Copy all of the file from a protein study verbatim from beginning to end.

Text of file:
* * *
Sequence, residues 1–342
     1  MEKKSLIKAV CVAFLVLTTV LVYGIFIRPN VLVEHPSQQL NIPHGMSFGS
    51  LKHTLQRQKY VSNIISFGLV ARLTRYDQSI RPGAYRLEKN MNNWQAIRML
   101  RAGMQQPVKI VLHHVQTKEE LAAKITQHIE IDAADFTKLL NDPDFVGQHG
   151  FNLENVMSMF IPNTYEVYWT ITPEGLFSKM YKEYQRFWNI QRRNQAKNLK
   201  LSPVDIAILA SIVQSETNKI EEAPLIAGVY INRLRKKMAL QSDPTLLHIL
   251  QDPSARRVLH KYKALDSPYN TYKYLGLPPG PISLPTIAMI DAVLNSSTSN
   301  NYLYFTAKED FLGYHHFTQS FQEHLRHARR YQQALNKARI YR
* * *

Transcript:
Sequence, residues 1–342
     1  MEKKSLIKAV CVAFLVLTTV LVYGIFIRPN VLVEHPSQQL NIPHGMSFGS
    51  LKHTLQRQKY VSNIISFGLV ARLTRYDQSI RPGAYRLEKN MNNWQAIRML
   101  RAGMQQPVKI VLHHVQTKEE LAAKITQHIE IDAADFTKLL NDPDFVGQHG
   151  FNLENVMSMF IPNTYEVYWT ITPEGLFSKM YKEYQRFWNI QRRNQAKNLK
   201  LSPVDIAILA SIVQSETNKI EEAPLIAGVY INRLRKKMAL QSDPTLLHIL
   251  QDPSARRVLH KYKALDSPYN TYKYLGLPPG PISLPTIAMI DAVLNSSTSN
   301  NYLYFTAKED FLGYHHFTQS FQEHLRHARR YQQALNKARI YR